The Sepik river has hundreds of lakes (Raun wara) at least
300-500 meters from the main river. These lakes are connected to the river by smalls waterways (Baret), which allows people to access the lakes from the main river.And where there is no waterway, the people dig their own to allow canoes to travel inland.
The picture shows a baret dug by the people Kembiam village in Kambu LLG who dwell some 3-4 miles (1 hour walk) inland of the Sepik river. The canal or waterway was made so that the people from Korogu village, on the banks of Sepik river can travel inland with their canoes to sell and trade.
This shows how resilient the people are; in the absence of government services, they make their own way to receive services from their river family.
The passage is about 2 meters wide and 2-3 meters deep, enough for a dug out canoe with a 40 horse power motor engine to pass through.
Further upstream is the central trading location. Korogu being on the Sepik river has no land for gardening, no buai and coconuts. It can only bring fish from the river. The Yamuk people inland have good land for buai, sago, etc.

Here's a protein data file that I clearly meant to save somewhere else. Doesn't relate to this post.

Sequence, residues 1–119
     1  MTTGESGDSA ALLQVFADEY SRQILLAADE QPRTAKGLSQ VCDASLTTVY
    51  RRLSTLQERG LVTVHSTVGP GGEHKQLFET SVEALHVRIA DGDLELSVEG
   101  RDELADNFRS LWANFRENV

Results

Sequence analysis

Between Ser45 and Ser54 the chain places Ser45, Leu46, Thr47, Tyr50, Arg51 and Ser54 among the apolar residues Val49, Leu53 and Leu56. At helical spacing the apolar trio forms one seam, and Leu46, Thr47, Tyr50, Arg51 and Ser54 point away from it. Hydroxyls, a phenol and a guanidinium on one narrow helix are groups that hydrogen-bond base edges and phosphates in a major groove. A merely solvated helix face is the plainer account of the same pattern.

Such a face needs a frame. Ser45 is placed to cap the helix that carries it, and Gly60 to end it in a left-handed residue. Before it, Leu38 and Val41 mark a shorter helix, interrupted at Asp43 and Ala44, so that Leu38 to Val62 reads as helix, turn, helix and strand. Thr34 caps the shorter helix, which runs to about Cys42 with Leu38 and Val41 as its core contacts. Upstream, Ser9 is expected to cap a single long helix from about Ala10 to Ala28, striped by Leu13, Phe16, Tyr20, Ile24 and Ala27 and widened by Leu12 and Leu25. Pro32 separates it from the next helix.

So for generations, there has been trade relations between the two tribes (Barter system), the ones on the river and the ones inland.
The aim of the trade system is to foster and maintain the relationship that has existed for generations, and also to supply each others needs/wants.
The Yamuk people are mother to the Korogu as they supply saksak, buai and garden food.
The Korogu people are son to the Yamuk as they provide fish for the people inland.
At the market, they start off the market by buying and selling using modern money, and everything there is below 50 toea
Once the buying and selling is done, they start trading.
I have learned about barter trading in school but this was the first time I witnessed it, in Sepik river.